Soldiers exercised endlessly. They were drilled in how to handle weapons: loading the gun, taking up position, aiming, shooting and stepping aside for the next man. It was drummed into the soldiers' heads so as to ensure that they would be able to perform the same drill in the heat of the battle. 'Wapenhandelinghe' (Handling Weapons) by Jacob de Gheyn II dating back to 1607 visualizes how weapons were handled in Prince Maurits' time. Dating from 1730 is the coloured manuscript by Ernst Willem van Bilderbeek, and the 'Ecole Militaire' (Military School) by Hyppolyte Bellangé showing how soldiers exercised in the early 19th century.
Drawings by Oswald Gualtherie d'Aumerie illustrate what life in the barracks was like. This part of the collection includes many works by Jan Hoynck van Papendrecht, an artist who existed on the paintings and drawings he made of military life.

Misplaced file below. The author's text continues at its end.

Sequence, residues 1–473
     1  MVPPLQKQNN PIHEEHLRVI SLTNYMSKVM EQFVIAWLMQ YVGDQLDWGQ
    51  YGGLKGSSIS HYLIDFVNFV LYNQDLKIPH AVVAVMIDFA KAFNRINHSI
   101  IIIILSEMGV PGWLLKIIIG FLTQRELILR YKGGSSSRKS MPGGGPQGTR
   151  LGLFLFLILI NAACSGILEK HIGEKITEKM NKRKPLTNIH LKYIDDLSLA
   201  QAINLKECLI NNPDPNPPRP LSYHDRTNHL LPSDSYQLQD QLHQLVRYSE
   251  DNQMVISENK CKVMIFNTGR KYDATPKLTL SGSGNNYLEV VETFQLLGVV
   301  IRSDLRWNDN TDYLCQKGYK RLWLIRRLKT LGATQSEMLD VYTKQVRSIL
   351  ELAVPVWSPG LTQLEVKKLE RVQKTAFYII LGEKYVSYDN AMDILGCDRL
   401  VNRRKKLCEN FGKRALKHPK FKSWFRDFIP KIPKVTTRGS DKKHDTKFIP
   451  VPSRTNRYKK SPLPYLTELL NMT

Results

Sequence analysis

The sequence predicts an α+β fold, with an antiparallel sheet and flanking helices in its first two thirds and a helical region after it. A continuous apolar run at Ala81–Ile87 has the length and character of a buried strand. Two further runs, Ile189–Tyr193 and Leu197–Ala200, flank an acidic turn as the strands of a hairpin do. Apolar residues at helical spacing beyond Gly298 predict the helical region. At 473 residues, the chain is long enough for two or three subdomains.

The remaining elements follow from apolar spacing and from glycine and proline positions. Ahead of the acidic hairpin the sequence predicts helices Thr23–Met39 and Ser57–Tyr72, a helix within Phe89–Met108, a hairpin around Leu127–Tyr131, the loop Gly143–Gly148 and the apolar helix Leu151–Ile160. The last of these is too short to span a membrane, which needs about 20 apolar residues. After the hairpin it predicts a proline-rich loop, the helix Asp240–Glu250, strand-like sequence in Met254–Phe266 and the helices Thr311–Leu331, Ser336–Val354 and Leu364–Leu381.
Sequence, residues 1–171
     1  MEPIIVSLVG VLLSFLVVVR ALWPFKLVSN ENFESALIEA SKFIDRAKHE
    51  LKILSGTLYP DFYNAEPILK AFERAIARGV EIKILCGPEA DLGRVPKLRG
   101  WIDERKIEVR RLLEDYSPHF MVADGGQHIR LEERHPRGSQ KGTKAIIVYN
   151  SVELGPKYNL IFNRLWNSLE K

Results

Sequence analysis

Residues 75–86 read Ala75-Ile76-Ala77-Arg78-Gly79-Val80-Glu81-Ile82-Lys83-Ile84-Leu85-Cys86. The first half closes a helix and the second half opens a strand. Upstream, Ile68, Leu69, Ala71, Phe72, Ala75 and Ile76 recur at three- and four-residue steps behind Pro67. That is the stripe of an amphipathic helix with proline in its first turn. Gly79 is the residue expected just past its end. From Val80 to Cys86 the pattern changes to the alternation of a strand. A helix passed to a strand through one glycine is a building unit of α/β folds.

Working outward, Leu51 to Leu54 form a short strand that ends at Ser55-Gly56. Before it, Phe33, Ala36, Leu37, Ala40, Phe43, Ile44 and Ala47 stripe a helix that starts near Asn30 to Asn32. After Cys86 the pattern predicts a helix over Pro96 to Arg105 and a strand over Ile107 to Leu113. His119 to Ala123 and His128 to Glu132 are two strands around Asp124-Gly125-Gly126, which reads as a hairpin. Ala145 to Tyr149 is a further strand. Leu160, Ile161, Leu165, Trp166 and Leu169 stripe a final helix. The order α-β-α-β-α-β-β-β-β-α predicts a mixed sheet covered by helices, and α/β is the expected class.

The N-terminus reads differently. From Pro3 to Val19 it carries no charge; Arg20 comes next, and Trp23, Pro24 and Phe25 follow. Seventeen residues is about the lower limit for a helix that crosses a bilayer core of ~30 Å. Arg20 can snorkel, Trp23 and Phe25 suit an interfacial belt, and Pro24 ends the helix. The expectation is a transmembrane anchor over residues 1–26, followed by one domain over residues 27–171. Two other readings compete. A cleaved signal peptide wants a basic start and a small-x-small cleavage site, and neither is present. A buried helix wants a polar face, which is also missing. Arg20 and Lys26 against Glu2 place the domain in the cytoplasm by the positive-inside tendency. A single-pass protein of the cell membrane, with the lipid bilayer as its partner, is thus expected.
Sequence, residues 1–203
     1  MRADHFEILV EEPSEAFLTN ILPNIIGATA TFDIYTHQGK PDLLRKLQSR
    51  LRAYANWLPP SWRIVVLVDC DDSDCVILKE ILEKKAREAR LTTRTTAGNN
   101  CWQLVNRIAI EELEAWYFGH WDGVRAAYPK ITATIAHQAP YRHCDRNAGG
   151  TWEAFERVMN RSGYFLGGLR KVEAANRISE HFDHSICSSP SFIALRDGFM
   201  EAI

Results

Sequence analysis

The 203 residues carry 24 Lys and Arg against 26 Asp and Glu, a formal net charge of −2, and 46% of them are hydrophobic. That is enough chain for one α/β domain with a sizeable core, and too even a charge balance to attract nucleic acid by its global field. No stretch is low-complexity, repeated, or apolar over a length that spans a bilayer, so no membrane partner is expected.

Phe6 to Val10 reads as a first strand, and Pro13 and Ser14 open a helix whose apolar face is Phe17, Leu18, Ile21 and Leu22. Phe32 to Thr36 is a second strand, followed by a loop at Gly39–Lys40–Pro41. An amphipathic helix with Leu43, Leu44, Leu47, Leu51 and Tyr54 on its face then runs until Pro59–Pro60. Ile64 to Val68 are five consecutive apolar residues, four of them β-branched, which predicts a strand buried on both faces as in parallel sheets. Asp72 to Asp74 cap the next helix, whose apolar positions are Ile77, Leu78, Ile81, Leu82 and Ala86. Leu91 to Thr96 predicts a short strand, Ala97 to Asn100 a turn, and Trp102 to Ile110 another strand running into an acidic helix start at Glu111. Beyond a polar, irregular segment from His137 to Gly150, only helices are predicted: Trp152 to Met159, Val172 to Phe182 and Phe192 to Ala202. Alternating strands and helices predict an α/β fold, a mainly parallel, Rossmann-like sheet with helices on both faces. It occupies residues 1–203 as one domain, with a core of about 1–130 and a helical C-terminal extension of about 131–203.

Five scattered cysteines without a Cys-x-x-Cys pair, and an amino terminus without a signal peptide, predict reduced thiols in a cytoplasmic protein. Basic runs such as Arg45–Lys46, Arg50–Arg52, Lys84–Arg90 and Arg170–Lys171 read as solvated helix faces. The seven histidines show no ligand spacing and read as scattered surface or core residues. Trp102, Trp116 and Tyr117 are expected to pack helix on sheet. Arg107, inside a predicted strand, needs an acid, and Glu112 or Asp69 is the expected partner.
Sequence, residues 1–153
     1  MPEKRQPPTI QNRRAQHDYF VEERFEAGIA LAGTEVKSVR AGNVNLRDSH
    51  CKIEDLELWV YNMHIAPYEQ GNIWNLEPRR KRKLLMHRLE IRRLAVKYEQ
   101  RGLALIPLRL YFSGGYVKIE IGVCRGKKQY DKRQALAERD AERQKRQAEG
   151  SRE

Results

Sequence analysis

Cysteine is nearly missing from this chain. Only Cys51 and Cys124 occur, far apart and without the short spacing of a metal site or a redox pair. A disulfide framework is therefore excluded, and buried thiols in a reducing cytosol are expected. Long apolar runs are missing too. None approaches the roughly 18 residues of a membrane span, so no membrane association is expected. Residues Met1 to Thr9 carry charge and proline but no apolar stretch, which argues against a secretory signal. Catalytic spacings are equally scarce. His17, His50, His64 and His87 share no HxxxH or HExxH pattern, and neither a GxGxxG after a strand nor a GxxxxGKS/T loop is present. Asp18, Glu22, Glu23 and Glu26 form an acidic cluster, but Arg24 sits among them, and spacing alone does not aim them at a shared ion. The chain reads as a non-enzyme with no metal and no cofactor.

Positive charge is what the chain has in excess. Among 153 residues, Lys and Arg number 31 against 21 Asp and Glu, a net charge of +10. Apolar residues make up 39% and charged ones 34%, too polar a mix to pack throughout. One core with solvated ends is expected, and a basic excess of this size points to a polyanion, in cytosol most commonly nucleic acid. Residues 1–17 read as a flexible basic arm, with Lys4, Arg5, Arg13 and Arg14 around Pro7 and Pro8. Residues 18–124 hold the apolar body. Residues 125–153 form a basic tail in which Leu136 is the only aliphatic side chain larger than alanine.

The orderly nature of military life is also featured. In the 'Stokvischorders' (Stockfish Orders) Willem Constantijn Staring parodies the official order to eat fish on Good Friday.
Photograph albums and ego documents complete this part of the collection.
Go direct to:
- 'Wapenhandelinghe' by De Gheyn
- Bilderbeek's 'Ordre und Worter van Commando'
- The First Part Of The Principles Of The Art Military, Practised in the Warres of the United Netherlands by Henry Hexham
- 'Ecole du Soldat' by Bellangé
- The 'Stokvischorders' by Staring
- Sketches by Hoynck van Papendrecht
- Drawings by d'Aumerie
- Photograph album featuring the Grenadiers and Chasseurs Regiment in the years 1895-1919
- L'art militaire pour l'infanterie (Military art for the infantry) by Johann Jacobi von Wallhausen